In this area, the child will change into a gown and the preoperative nurses will review their medical history and also complete a quick physical exam. The physical exam will include monitoring and recording things such as temperature, blood pressure, height, weight, and listening to the patient’s heart and lungs.
Specific surgeries may require that the child receive a bath in the preoperative area. This bath helps reduce the risk of infection. Nursing staff will use warmed, wet cloths (similar to diaper wipes) to clean the patient’s skin. A video detailing the preoperative bath using chlorohexadine wipes is available on this page for patients and families to view.
Female patients who have begun menstruating will be asked to provide a urine sample in the preoperative area.
A member from the anesthesia team and the surgical team, both of whom will be with the patient throughout the entire surgery, will greet and introduce themselves to the patient and family.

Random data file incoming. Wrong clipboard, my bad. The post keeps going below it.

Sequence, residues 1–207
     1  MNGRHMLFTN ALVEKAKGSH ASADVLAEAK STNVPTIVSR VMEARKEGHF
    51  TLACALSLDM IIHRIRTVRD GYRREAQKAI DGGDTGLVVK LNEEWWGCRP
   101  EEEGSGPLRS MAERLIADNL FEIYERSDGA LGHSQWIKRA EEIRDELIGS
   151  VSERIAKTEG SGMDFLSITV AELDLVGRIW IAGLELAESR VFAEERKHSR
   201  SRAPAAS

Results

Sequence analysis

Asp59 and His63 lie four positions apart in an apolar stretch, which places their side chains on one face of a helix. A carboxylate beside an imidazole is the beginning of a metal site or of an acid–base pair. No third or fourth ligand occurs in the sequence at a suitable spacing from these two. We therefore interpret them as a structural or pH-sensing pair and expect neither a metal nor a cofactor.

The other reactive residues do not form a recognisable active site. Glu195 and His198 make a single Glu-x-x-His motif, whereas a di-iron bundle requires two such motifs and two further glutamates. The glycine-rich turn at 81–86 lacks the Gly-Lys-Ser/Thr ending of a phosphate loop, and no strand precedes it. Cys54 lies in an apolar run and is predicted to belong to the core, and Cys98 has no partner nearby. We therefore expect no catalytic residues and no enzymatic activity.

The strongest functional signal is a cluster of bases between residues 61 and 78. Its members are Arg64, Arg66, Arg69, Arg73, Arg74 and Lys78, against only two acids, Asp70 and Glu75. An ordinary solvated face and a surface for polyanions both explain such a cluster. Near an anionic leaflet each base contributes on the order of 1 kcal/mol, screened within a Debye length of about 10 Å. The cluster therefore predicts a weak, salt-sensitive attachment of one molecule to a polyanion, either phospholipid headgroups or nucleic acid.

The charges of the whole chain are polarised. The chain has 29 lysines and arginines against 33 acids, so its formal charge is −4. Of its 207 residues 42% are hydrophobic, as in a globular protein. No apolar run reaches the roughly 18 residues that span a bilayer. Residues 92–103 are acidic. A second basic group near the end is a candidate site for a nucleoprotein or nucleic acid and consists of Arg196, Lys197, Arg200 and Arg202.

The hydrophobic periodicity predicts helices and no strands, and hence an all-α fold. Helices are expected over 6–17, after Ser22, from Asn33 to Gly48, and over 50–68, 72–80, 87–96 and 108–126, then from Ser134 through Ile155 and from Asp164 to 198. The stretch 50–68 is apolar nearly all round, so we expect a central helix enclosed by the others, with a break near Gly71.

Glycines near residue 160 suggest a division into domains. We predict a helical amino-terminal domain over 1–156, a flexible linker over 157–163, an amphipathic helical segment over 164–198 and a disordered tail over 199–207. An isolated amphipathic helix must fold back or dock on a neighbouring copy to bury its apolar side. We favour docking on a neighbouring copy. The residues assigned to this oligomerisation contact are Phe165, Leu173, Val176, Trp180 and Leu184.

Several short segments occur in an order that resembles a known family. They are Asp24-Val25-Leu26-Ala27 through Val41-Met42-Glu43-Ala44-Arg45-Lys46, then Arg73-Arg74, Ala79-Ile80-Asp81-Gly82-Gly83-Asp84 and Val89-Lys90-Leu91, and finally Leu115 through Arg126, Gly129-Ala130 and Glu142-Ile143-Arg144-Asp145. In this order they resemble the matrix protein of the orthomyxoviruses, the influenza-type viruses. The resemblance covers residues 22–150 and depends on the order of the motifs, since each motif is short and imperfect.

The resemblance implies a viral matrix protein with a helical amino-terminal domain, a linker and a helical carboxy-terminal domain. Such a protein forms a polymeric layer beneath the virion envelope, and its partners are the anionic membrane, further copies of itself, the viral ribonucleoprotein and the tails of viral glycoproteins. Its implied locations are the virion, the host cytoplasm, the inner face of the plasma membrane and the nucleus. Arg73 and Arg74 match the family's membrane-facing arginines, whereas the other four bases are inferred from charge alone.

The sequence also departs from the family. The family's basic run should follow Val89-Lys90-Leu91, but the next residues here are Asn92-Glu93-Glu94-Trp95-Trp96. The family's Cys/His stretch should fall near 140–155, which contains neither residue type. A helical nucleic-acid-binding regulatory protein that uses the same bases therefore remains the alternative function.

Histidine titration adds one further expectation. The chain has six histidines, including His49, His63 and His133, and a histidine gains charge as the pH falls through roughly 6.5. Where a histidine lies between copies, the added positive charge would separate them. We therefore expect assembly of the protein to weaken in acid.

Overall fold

Team members might ask questions like:
- Does the patient have any allergies?
- In your words, what are we doing today?
- When was the last time you ate or drank anything?
It is normal for team members to ask the same questions multiple times. We do this as an added step to make sure we all have the correct information. A University Hospitals Rainbow Babies & Children surgical team member will officially review the surgery and ask the patient to sign a consent form, which allows the team to continue with the procedure.
- The surgeon will explain the surgery to the parents/legal guardian and offer the chance to ask any questions they might have about the surgery.
- The parents/legal guardian will be asked to sign a consent form that gives permission to do the surgery. He or she should read the form with care and ask questions if something is not clear.
- The team members will ask about the patient’s medical history and review the medicines they take.
- Parents/legal guardians should tell the surgeon if the child is sensitive or allergic to any medicines, latex, iodine, tape, contrast dyes, and anesthetic agents (local or general).